From polio vaccines to hand transplants: the major milestones in 69 years of the NHS

It's 69 years since the NHS treated its first patient - millions have benefitted from free healthcare since.

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The NHS is one of the greatest and most-loved insitituions in the UK. Here are some of the key moments in the service's history as it nears its eighth decade.

5 July 1948 Sylvia Beckingham is the first person to be treated by the National Health Service. The ambitious project of health minister Aneurin Bevan, it was based on four basic principles: a system that would provide healthcare free at the point of use and be available to everyone who needed it, paid for by taxation and used responsibly.
 
1951 Bevan resigns in protest at the introduction of prescription charges. Introduced at one shilling, they were abolished in 1965 but reintroduced in 1968. Today prescriptions cost £8.60 per item.
 
1953 Cambridge University scientists James D Watson and Francis Crick reveal the structure of deoxyribonucleic acid (DNA) in Nature magazine. This allowed the study of disease by defective genes and later, genome treatment therapy.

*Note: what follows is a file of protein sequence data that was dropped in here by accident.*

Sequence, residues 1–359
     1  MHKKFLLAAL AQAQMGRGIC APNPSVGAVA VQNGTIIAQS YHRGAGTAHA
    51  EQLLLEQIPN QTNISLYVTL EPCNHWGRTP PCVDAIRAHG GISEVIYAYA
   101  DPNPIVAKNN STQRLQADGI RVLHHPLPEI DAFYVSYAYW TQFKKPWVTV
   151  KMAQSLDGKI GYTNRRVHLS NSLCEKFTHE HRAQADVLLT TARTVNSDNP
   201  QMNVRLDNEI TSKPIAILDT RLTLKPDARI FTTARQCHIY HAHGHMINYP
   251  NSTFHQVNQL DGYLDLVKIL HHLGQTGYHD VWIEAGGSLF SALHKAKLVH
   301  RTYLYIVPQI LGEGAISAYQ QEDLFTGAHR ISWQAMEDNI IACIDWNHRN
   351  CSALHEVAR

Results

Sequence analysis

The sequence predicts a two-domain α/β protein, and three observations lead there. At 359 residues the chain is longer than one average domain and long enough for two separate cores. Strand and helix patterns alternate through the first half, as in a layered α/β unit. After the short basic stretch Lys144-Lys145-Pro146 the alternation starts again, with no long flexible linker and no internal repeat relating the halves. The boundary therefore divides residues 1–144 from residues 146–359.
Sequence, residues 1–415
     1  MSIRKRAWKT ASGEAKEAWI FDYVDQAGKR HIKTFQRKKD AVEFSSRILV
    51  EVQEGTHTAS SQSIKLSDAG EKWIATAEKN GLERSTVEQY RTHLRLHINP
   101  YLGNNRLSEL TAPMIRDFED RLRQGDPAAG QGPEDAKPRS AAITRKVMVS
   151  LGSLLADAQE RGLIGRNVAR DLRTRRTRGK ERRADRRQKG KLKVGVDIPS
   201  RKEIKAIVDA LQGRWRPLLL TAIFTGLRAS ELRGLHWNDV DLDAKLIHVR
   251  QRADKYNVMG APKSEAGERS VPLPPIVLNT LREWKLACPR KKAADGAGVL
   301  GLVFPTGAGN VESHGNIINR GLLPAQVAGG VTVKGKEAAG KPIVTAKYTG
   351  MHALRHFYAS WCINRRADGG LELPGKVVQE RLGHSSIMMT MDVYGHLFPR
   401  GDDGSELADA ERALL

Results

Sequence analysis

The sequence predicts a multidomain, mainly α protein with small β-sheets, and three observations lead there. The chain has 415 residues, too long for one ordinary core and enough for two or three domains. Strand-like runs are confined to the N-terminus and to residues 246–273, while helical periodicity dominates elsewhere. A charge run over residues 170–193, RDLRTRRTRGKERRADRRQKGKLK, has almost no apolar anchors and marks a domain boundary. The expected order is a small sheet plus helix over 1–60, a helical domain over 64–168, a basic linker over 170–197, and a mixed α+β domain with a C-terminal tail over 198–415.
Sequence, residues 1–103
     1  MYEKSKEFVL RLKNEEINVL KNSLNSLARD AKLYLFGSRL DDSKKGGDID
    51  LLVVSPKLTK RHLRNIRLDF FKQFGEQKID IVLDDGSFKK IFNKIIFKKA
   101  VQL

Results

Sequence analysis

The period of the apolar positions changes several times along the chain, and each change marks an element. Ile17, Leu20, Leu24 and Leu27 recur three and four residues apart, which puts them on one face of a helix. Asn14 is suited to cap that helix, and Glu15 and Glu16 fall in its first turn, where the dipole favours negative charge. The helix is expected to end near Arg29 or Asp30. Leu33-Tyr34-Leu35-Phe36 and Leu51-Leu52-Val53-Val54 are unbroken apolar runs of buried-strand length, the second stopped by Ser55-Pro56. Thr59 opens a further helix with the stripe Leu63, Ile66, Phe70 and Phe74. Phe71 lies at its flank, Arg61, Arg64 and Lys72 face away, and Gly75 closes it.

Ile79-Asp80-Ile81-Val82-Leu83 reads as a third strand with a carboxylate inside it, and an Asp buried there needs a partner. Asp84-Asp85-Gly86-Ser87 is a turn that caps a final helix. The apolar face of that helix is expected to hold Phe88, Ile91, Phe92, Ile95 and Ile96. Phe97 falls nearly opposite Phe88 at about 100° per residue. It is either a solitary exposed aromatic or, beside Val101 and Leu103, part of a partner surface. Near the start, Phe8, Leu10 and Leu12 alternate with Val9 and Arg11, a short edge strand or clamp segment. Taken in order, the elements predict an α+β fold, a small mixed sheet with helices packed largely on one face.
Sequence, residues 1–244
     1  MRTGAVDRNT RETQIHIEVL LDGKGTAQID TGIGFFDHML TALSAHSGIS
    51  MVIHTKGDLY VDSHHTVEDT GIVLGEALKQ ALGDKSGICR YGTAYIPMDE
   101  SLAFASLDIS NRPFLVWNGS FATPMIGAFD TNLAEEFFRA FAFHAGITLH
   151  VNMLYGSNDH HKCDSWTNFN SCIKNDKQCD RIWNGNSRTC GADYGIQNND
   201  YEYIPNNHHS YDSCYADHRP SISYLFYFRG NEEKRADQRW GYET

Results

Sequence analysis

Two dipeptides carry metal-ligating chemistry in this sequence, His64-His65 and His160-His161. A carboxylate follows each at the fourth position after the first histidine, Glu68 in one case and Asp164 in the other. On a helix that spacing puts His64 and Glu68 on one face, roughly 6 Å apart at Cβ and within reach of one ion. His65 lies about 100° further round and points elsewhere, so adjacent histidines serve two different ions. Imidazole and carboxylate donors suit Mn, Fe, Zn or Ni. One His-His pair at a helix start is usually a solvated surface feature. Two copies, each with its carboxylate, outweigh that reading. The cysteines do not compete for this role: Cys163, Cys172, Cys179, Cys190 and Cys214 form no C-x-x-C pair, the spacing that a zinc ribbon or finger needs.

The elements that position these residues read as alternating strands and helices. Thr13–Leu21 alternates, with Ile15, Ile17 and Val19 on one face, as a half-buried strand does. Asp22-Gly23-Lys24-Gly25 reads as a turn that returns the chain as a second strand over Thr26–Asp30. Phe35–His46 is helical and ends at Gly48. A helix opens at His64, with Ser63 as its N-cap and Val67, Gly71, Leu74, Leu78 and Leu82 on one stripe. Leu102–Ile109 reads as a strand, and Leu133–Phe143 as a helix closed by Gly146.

1954 Sir Richard Doll and Sir Austin Bradford Hill publish the findings of a study linking smoking and lung cancer. The research took place at 20 London hospitals and was expected to link the disease with fumes from coal fires and cars. Doll quit smoking during the research and lived to 92. 
 
1954 Daily visiting hours for children are introduced - previously parents were only allowed to see patients on Saturdays and Sundays.
 
1958 Polio and diphtheria vaccinations are introduced.

1958 Thalidomide first licensed for use in the UK - it was later found to cause deformities in babies when taken by pregnant women.
 
30 October 1960 First UK kidney transplant takes place. The donor and recipient were a set of 49-year-old identical twins, operated on by a team at the Edinburgh Royal Infirmary. The operation is a success.
 
1961 The contraceptive pill is made widely available for the first time - from 1962 to 1969 the number of women taking the pill rises from 50,000 to 1,000,000.